A Propaganda Film Subverting Ethnic Hierarchy?: "Suicide Squad at the Watchtower" and Colonial Korea

Naoki Mizuno, Kyoto University
Yu Tong-sun, Kim Yŏng-suk, Im Ok-sŏn, and Takatsu Yoshiko in "Suicide Squad at the Watchtower" (Bōrō no kesshi, 1943).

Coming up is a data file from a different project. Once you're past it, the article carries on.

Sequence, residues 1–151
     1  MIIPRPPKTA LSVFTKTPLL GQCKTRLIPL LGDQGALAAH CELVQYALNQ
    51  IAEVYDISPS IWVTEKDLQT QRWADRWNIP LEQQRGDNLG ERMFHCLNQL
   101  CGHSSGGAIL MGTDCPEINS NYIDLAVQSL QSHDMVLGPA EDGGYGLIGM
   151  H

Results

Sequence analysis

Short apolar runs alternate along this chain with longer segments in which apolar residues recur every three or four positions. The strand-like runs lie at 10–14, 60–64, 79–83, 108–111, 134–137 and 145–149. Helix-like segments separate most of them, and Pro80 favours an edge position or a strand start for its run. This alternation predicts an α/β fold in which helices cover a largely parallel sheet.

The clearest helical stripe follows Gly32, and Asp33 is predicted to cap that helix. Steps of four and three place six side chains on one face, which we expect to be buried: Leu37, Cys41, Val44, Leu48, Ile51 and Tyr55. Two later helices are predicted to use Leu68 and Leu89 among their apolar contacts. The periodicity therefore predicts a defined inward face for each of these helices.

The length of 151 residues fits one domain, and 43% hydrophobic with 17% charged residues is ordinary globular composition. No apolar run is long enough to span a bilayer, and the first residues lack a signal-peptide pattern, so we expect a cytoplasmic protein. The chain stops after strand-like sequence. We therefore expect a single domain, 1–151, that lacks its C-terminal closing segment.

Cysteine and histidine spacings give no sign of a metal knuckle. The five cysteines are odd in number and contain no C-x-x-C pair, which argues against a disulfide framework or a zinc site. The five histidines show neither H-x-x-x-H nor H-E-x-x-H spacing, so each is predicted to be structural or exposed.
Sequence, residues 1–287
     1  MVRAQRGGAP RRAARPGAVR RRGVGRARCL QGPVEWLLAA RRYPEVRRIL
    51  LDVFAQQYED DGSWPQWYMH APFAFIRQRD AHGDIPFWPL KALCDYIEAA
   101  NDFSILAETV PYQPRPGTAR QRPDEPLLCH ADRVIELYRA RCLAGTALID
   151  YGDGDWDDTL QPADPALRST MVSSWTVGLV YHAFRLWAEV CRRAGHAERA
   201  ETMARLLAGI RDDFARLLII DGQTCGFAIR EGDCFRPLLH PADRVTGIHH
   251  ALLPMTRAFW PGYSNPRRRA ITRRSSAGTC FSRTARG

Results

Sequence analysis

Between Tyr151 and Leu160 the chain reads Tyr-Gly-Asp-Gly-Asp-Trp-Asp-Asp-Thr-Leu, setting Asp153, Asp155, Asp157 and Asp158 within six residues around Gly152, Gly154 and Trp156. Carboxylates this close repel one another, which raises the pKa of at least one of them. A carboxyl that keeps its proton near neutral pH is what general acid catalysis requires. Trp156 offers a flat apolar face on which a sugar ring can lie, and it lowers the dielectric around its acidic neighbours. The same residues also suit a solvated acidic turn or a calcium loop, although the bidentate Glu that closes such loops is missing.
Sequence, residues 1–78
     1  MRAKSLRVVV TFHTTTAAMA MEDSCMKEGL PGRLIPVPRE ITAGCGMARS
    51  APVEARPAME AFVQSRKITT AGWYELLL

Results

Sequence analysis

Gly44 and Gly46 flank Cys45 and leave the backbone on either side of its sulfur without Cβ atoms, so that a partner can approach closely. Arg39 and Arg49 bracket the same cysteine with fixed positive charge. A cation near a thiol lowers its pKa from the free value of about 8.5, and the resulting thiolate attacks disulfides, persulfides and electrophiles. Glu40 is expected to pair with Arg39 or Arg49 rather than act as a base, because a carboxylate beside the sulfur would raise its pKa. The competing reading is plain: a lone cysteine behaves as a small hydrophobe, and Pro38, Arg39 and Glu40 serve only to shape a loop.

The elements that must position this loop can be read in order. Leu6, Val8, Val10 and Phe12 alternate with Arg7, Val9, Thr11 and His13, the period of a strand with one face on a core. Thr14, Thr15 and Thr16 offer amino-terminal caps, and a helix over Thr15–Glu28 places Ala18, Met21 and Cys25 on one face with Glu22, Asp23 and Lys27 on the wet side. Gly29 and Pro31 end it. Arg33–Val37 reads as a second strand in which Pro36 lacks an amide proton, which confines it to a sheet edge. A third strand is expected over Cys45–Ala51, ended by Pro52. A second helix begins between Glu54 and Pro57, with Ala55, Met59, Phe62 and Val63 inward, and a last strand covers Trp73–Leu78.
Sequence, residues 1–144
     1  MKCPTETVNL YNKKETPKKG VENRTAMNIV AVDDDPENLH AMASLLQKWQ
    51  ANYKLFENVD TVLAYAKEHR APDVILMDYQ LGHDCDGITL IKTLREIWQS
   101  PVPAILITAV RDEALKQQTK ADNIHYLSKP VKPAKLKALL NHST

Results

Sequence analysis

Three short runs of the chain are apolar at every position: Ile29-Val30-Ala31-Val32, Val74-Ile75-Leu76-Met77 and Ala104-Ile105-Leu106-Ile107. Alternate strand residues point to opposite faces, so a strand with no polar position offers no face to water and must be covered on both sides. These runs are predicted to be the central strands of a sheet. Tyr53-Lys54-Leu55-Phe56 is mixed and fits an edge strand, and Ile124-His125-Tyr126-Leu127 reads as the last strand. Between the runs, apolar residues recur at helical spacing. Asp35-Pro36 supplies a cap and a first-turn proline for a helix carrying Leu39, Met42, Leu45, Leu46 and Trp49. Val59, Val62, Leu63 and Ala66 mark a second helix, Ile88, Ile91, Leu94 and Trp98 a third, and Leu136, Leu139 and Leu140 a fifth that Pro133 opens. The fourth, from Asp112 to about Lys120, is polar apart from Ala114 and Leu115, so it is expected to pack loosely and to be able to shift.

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In the film Suicide Squad at the Watchtower (1943), the appearance of a Korean female physician carries with it the potential to subvert the film’s representation of the colonial ethnic hierarchy. The film’s director, Ch’oe In-gyu, had in his earlier film Homeless Angels presented the edifying message that a Korean female orphan could aspire to become a physician. This message was also incorporated into Suicide Squad at the Watchtower. In these two films the story of a Korean woman who studies to become a physician (or at least desires to become one) unfolds through the same actress, Kim Sin-jae. The suggestion that a Korean could achieve a social position equal to or even higher than a Japanese introduced the possibility of subverting the colonial ethnic hierarchy. But while the screenplay for the film had explicitly portrayed the female physician, the film version suppressed the representation, making it less evident. Nevertheless, it is possible to see Suicide Squad at the Watchtower’s enlightened message as an element with the potential to upset the ruling colonial order.